…King Joffrey made me weep more often than you know…
…they are children, Sansa thought. They are silly little girls, even Elinor. They’ve never seen a battle, they’ve never seen a man die, they know nothing. Their dreams were full of songs and stories, the way hers had been before Joffrey cut her father’s head off. Sansa pitied them. Sansa envied them.
Whatever else they may be, Alla, Megga, and Elinor are romantics, swept up in the romance of the Reach, and true believers in a way that Sansa no longer is. In comparison to Megga’s crush on Mark Mullendore, Elinor’s careful following of the forms of chivalric romance with Alyn Ambrose, and Alla’s poetic inclinations, Sansa is practically a cynic. After all, she has had the flimsy protections of chivalry stripped from her and knows that beautiful surfaces can hide ugly interiors and vice versa.
At the same time, Sansa can’t fully pull away from the spell of their songs and dreams, because GRRM is not a nihilist. The “UnKiss” with the Hound, the way that Sansa has reshaped her own memories into something that synthesizes an often ugly reality (“stinking of wine and blood“) with a kind of Beauty and the Beast romance has been written up one side and down the other. I’m more interested in what it tells us about Sansa’s ongoing maturity. As much as Sansa wants to be wholly cynical, if only for self-preservation, there’s a part of her that wants to believe in the romance or at least remembers how sweet it had been to believe. And this is actually a far healthier (and more mature, contrary to how some segments of the fandom seem to think) way to live than to throw on a black dress and reduce all of existence to Machiavellian power politics.
All of these mixed emotions come together with Margaery. In the book fandom, where the depth of Margaery’s involvement with Tyrell machinations remains much more of a mystery than it did on the show, there has always been a question as to whether Margaery is merely a highborn young lady of grace and virtue or whether that appearance is a mere cover for a capable conspirator. In this chapter, Sansa is trying to puzzle this out alongside the reader, and once again, Sansa is far more suspicious than she’s given credit for.
Indeed, when Sansa first gets told that she’s to have a new dress, she’s instantly put on her guard rather than at her ease, and even Margaery is not outside of her suspicions (“But why? Sansa wondered when she was alone. It made her uneasy. I’ll wager this gown is Margaery’s doing somehow, or her grandmother’s.”) As she spends more and more time with the young queen-to-be, Sansa is constantly balancing her suspicions against her profound admiration for Margaery’s “grace.” Rather than concluding that she is completely innocent, Sansa comes down somewhere in the middle: “Margaery was different, though. Sweet and gentle, yet there was a little of her grandmother in her, too.”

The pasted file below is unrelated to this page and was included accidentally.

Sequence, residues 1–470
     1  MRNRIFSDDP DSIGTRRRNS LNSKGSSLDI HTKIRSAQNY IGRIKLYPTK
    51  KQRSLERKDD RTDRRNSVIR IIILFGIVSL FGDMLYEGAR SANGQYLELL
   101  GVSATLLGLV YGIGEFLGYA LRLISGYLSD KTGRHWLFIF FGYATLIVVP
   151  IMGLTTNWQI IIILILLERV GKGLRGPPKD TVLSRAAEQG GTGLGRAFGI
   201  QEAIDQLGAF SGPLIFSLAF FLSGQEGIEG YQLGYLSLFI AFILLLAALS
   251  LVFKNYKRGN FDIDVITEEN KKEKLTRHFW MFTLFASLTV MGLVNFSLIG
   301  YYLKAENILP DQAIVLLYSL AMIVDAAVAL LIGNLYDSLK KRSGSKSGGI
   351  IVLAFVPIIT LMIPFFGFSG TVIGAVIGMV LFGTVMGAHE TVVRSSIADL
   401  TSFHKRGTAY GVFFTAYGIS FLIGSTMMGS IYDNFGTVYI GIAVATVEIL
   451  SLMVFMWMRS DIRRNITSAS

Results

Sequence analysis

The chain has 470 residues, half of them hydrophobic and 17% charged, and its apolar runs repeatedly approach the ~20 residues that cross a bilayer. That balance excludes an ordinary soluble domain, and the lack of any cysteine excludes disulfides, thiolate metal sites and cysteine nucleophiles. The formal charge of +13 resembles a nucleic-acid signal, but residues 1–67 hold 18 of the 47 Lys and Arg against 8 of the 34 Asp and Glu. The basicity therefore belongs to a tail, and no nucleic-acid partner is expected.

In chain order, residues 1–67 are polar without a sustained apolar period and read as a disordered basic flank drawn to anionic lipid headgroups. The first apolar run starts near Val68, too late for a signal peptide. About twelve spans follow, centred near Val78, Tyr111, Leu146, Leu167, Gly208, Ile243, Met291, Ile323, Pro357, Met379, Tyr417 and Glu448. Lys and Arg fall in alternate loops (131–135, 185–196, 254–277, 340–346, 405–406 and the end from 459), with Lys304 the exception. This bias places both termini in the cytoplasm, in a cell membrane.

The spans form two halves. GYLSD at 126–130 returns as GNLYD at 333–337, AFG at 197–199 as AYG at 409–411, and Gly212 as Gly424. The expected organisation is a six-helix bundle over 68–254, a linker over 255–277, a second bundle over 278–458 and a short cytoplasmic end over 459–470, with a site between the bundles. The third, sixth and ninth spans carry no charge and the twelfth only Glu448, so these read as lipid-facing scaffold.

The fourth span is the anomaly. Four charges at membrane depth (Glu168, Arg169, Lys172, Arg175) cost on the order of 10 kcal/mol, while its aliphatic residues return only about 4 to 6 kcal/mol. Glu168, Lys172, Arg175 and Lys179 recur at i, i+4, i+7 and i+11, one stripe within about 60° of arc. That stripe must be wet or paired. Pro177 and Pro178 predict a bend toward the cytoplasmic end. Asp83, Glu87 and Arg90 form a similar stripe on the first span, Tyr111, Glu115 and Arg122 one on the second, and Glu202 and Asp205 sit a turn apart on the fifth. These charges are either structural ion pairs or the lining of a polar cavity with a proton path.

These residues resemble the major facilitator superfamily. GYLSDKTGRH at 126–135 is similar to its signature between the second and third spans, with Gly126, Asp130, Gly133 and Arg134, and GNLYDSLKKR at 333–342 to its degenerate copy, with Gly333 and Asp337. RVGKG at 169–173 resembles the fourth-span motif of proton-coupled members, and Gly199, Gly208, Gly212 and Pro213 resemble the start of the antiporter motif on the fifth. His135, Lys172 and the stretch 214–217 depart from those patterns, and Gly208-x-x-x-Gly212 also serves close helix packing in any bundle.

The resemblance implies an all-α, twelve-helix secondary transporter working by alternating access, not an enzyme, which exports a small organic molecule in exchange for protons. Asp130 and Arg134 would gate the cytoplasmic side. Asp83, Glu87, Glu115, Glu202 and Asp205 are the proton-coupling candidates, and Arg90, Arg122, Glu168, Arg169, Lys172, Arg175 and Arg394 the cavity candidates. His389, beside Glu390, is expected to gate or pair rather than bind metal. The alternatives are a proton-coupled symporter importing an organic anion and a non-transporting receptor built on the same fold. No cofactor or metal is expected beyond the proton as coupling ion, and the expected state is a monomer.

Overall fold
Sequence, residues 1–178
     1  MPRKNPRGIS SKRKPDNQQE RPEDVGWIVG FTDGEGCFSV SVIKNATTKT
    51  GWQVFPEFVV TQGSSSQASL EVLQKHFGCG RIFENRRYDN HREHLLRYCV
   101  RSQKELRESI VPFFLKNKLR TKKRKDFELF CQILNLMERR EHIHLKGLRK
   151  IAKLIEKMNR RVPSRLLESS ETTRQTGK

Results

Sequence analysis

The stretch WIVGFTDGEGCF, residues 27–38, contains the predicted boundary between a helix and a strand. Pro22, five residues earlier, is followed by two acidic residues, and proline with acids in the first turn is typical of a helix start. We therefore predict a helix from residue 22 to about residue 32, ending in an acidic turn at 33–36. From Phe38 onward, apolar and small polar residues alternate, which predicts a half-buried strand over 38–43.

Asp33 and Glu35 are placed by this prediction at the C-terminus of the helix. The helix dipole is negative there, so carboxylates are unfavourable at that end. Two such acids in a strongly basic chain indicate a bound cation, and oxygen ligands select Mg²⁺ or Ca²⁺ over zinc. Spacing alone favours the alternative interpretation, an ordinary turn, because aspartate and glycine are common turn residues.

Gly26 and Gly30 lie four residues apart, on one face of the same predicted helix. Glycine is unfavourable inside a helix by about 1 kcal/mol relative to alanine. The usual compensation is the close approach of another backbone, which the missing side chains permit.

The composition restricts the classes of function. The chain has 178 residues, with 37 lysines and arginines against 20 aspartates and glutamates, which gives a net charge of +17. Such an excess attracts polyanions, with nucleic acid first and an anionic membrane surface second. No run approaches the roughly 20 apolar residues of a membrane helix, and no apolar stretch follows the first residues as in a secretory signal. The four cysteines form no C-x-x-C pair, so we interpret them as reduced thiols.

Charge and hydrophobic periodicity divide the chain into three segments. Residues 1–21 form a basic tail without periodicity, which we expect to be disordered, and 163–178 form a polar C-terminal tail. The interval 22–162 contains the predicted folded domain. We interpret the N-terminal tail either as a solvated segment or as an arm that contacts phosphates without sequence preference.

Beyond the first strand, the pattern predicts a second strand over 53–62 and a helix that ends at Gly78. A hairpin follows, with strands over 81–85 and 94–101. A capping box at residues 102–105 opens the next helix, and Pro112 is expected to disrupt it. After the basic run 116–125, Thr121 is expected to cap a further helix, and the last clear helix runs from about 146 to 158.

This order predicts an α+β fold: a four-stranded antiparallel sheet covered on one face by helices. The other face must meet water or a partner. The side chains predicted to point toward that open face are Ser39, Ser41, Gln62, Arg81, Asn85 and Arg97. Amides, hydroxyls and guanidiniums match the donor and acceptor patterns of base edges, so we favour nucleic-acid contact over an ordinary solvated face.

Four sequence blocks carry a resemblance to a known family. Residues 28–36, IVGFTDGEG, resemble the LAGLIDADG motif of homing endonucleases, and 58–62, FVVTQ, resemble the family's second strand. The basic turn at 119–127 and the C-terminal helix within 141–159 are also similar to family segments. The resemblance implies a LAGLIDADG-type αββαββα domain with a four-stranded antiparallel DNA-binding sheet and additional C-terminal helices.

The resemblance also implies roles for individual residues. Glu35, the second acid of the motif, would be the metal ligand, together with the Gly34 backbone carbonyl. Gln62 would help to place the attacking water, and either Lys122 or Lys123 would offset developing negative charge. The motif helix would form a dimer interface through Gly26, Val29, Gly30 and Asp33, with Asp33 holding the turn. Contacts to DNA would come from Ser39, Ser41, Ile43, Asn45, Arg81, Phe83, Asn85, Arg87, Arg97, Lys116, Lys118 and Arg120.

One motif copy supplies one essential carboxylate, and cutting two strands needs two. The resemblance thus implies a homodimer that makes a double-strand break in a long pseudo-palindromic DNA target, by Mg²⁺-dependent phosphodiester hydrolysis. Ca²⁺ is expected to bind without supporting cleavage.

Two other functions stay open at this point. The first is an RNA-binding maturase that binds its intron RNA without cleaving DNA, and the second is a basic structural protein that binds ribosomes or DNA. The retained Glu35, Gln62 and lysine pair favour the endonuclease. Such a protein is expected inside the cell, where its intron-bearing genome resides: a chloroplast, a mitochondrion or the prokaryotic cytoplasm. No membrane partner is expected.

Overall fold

Indeed, in this chapter, we see a good deal of Olenna Tyrell in the young queen-to-be. For the most part, Margaery is essentially acting as a handler of an intelligence asset, making sure that Sansa is kept happy (hence organizing the welcome above), but also making sure that as much as possible Sansa’s mind is firmly focused on the idea of her marriage to Willas:
The day before last she’d taken Sansa hawking…“Willas has the best birds in the Seven Kingdoms,” Margaery said when the two of them were briefly alone. “He flies an eagle sometimes. You will see, Sansa.” She took her by the hand and gave it a squeeze. “Sister.”
Now it could be argued that Margaery’s actions here don’t necessarily fall within the scope of covert activity; indeed, most highborn ladies would understand the importance of making a dynastic marriage alliance work and would probably be tasked with making friends with the bride-to-be. It’s only in light of later information that I’ll discuss in a moment that this begins to appear more clandestine. Regardless of which it is, Margaery’s efforts to shift Sansa’s loyalties in the direction of House Tyrell were remarkably successful. So much so that Sansa feels compelled to speak out for Margaery’s best interests:
Sister. Sansa had once dreamt of having a sister like Margaery; beautiful and gentle, with all the world’s graces at her command. Arya had been entirely unsatisfactory as sisters went. How can I let my sister marry Joffrey? she thought, and suddenly her eyes were full of tears. “Margaery, please,” she said, “you mustn’t.” It was hard to get the words out. “You mustn’t marry him. He’s not like he seems, he’s not. He’ll hurt you.”
“I shouldn’t think so.” Margaery smiled confidently. “It’s brave of you to warn me, but you need not fear. Joff’s spoiled and vain and I don’t doubt that he’s as cruel as you say, but Father forced him to name Loras to his Kingsguard before he would agree to the match. I shall have the finest knight in the Seven Kingdoms protecting me night and day, as Prince Aemon protected Naerys. So our little lion had best behave, hadn’t he?” She laughed…